If it is determined that the patient is a suitable candidate for SCS, often the first step is to implant a device on a trial basis. During the SCS trial phase, a lead or leads are implanted temporarily and are connected to a trial spinal cord stimulator. The trial stimulator is programmed with one or more stimulation programs customized to the specific areas of the patient’s pain. The trial phase can be beneficial for the following reasons:

  • It can help the patient/physician analyze whether SCS effectively relieves pain
  • It provides the patient/physician with an assessment period to determine which type of SCS technology works best
  • It enables the patient/physician to evaluate different stimulation settings and programs

SCS Implantation

If the SCS trial provides adequate pain relief, then a permanent system may be implanted. SCS is a reversible therapy, so even though it is called permanent, treatment can be discontinued at any time and the implanted parts turned off and/or removed.

For more information on Spinal Cord Stimulation, contact Comprehensive Pain Management in Warwick, RI.

aans.org

Radiofrequency Ablation for Chronic Hip Pain

Joseph Coupal - Thursday, July 05, 2018
Comprehensive Pain Management - Attleboro, MA

Many people with osteoarthritis and other degenerative diseases, including posttraumatic pain and rheumatoid arthritis, suffer from chronic hip pain. Conservative treatment approaches such as physical therapy and analgesia may result in significant cost or adverse effects while providing only short-term improvement, and minimally invasive techniques have been found to be ineffective or of temporary benefit.

Although total hip arthroplasty (THA) is often performed in patients with advanced disease, the procedure is associated with a 5% to 15% failure rate, high cost, and increased morbidity, mortality, and persistent postoperative pain. In addition, the life expectancy of hip implants ranges from 10 to 25 years.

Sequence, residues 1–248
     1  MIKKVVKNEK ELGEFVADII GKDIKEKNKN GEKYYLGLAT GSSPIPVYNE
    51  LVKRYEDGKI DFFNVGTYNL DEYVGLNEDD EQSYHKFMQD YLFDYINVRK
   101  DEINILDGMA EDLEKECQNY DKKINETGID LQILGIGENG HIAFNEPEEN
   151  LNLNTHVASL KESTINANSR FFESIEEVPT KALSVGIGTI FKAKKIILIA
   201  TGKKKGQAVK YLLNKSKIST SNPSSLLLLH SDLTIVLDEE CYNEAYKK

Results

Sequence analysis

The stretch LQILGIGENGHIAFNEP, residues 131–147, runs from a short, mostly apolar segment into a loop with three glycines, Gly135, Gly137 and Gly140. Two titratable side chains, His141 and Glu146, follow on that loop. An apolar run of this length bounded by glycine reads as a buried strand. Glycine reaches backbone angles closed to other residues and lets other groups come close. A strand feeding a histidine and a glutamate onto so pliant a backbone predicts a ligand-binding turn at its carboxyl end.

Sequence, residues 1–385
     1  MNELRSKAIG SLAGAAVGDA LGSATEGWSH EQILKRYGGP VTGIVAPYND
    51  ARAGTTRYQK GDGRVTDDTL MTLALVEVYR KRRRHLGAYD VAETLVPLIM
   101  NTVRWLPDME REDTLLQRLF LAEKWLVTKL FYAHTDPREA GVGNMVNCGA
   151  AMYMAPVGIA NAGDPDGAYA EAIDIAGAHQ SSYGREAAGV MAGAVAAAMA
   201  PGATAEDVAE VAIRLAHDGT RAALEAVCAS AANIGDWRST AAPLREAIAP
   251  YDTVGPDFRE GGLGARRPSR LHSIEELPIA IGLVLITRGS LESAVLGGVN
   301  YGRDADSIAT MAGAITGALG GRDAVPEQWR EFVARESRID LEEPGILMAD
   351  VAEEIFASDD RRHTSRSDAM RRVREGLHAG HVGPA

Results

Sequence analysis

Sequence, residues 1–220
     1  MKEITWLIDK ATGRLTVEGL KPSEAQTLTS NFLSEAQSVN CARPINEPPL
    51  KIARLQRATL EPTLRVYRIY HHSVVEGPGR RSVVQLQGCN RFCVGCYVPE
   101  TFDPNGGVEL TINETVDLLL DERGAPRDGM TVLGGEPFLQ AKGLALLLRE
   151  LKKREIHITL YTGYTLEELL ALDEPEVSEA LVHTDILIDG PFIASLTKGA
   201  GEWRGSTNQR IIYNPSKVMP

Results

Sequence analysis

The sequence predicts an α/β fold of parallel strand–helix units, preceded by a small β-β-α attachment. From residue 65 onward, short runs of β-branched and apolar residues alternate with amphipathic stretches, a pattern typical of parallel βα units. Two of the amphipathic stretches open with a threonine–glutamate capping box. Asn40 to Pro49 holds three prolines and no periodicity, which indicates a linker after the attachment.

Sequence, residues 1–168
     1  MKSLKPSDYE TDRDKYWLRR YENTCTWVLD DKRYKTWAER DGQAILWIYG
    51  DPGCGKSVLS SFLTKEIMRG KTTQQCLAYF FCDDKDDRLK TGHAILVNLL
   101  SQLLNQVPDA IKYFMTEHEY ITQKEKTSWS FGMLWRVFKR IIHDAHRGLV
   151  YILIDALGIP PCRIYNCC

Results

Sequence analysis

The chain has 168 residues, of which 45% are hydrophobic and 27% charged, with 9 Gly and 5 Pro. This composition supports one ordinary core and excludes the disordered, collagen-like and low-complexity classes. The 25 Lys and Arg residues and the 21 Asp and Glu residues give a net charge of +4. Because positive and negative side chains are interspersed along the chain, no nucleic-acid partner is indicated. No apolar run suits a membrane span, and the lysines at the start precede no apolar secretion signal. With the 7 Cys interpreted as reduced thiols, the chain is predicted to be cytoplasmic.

There has recently been renewed interest in radiofrequency (RF) procedures for joint pain resulting from degenerative conditions.

Clinical studies have shown that RF treatment is more effective than conservative methods in reducing hip pain. It works by interrupting the sensory input from the femoral and obturator nerves that innervate the hip joint.

The most common indication for RF was osteoarthritis, and other diagnoses included vascular necrosis and persistent pain after THA. Participants had moderate to severe hip pain and limited ambulation, and previously demonstrated a lack of response to oral analgesics and other conservative approaches.

Hip pain is a common condition that is often seen in elderly patients with multiple comorbidities. Often, pain medications are ineffective or have too many side effects, and injections only provide little or temporary pain relief. In addition, surgery may not be an option because of unwillingness of the patient or an especially high risk for complications related to comorbidities. RF treatment may be a reasonable alternative in these circumstances, as well as in situations involving long wait times for THA or persistent pain after THA.

For more information on RFA, contact Comprehensive Pain Management in Warwick, RI.

clinicalpainadvisor.com

What is Radiofrequency Neurotomy and How Does it Relieve Back Pain

Joseph Coupal - Thursday, June 21, 2018
Comprehensive Pain Management in Warwick, RI

During this minimally invasive procedure, the physician uses heat from radio waves to treat painful facet joints in your lower back. It can treat pain that doesn't respond to medications or physical therapy.

You lie on your stomach and you are given medicine to make you feel relaxed. The skin and tissue of your back are numb.The physician inserts a tube called a cannula. A video x-ray device called a fluoroscope to guide the cannula to the medial branch nerves in your spine. These tiny nerves carry pain signals from the facet joints to the brain.

The physician inserts an electrode through the cannula. A weak electric jolt is used to test its position, if the jolt recreates the pain but does not cause any other muscular effects, then it is in the correct position.

Then the physician uses the electrode to heat the nerve. This disrupts the nerves' ability to transmit pain. Several nerves may be treated together if necessary.